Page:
Kiyochika, Patterns of Flowers

Kobayashi Kiyochika (1847 - 1915) Patterns of Flowers (Hana Moyo) 1896. Two Sheets from an Oban Triptych.

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This striking print is by Kobayashi Kiyochika, a highly regarded artist of the Meiji. Described as, "...the last important ukiyo-e master and the first noteworthy print artist of modern Japan" by Richard Lane in Images from the Floating World: The Japanese Print (Oxford University Press), he illustrates very nicely the growing bonds between east and west at the time.

In this uncharacteristically oriental series, Kiyochika portrays a single female against a middle distance backdrop of lesser figures. The flowers of the title are the women and their lavish costume. There was a vogue in the 1890’s for portraying the history of costume or hairstyle over the preceding ages - a good example being Chikanobu’s Mirror of the Ages series from 1897.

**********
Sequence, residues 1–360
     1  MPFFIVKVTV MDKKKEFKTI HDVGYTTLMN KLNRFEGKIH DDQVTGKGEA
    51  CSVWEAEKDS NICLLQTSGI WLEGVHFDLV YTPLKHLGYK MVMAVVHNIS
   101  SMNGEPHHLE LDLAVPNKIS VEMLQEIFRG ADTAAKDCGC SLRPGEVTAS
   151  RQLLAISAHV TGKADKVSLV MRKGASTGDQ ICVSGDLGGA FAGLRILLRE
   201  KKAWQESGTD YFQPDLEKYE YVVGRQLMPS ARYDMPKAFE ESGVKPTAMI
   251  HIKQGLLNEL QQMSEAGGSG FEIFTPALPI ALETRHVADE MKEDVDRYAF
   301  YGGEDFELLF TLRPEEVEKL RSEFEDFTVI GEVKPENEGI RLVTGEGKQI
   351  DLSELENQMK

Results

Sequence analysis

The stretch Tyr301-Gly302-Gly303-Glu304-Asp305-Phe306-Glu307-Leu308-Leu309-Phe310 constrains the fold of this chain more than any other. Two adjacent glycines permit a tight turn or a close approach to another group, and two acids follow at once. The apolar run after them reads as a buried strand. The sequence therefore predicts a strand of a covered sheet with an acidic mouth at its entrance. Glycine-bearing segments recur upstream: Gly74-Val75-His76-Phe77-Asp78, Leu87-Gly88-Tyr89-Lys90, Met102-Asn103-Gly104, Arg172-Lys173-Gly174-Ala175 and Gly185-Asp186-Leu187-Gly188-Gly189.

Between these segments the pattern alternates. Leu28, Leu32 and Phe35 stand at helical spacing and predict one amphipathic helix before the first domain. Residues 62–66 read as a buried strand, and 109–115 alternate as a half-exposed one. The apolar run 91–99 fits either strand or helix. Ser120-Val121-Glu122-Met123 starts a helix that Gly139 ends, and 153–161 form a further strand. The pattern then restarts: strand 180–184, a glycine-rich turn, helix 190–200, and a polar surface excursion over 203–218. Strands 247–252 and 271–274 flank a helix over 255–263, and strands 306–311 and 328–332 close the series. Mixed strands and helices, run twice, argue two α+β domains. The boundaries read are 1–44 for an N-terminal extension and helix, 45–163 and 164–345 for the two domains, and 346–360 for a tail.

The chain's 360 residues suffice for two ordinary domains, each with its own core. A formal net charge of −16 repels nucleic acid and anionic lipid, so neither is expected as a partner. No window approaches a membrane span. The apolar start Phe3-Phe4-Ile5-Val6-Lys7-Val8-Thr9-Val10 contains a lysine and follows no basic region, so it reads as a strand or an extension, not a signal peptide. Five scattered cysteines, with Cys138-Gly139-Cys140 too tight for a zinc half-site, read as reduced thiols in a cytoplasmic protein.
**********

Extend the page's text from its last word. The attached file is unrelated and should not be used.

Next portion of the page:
This fine print is the centre and right sheet of a triptych. It shows the subject, a woman, exquisitely drawn and dressed and in the background a porter. Her kimono is decorated with fortune telling game cards which ambiguously, she appears to be playing. 

The print is in perfect condition, full size with very fine colour and an early impression.